Only twice do song and sentiment converge to create the group's desired ballsy-but-brainy combination. The bass and drums that drive "Rhythm Machine" provide a dense, terse hook for what initially seems to be just another salute to the male member. Quickly, however, the title metaphor expands to include the idea that this "machine" works only for its one true love, and will do so all night long -- if she wants to.

Best of all is "Take the Time," a sweet, swaying ballad by Ralphs, with a chorus that emphasizes "I wanna take the time/To tell you I love you." Needless to say, this amounts to quite a philosophical about-face, because the band's biggest hits, "Can't Get Enough" and "Feel Like Making Love," were about nothing so much as the summary demands of a love-starved brute who wanted it fast and never mind the sweet talk.

But good intentions don't necessarily mean a good record, and Desolation Angels, for all its seriousness and hard work, plods more often than it kicks in. Yet Bad Company's small, honest breakthrough does make them credible and even sympathetic at a time when either the postboogie puffery of Foreigner, Styx, Kansas et al., or the austere aggressiveness of punk would seem to have rendered their second-generation hard rock all but obsolete. Instead, Bad Company has found salvation, inspiration and balls in utter desperation. May such "unhappiness" flourish.

- Ken Tucker, Rolling Stone, 5-3-79.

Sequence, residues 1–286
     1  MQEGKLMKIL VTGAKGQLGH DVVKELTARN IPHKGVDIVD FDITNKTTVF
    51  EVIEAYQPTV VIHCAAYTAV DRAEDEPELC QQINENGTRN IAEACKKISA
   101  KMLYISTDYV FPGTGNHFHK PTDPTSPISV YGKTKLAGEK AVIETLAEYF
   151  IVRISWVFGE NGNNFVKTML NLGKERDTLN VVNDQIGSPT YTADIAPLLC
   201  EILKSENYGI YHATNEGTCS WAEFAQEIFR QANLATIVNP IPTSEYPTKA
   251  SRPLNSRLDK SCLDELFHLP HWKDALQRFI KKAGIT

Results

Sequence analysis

Bonus Reviews!

Though the hit cut is "Rock 'n' Roll Fantasy," this album is basically a program of second-generation British blues-band workouts disguised as contemporary pop/rock. Bands like Bad Company have to find a comfortable and prosperous middle ground between the two extremes set up by the first-generation British blues musicians: the Rolling Stones, who fused rock and blues to their own purposes, and John Mayall, a lingering and garrulous quasi-purist whose sound has always reflected a compromise between righteousness and a need for pocket money.

Bad Company is a well-oiled group, and their performances are skillful. The problem is the material, which is so-so, as urban-marketplace white blues usually are. And blues bands that work too hard at what they're doing tend either to bore you quickly or to arouse your admiration for their energy without exciting your pleasure.

- Joel Vance, Stereo Review, 7/79.

Two years ago when Burnin' Sky, the last Bad Company LP, was released, the band was on the forefront of progressive rock. Times have changed, and the Bad Company sound on the one hand has been refined and hardened by Foreigner, and on the other dismissed by the whole new legion of disco and post new wave acts. But this has not deterred Bad Company. The quartet has kept on doing what it knows best, playing full midtempo rock and blues. Although it's beginning to sound tired. Best cuts: "Lonely For Your Love," "Rock'n'RolI Fantasy," "Oh Atlanta."

- Billboard, 1979.

This is supposedly a return to form after Burning Sky, and it may be. I'll just say that if I'd never mistake them for Free anymore, I'd never mistake them for Foreigner either, I don't think. P.S. Are those syndrums on "Evil Wind"? Naughty naughty. C

- Robert Christgau, Christgau's Record Guide, 1981.

After a couple of mediocre efforts, Desolation Angels marked a return to form for Bad Company. It was also the band's last consistent album, powered by "Rock N' Roll Fantasy" and "Gone, Gone, Gone." * * *

- Stephen Thomas Erlewine, The All-Music Guide to Rock, 1995.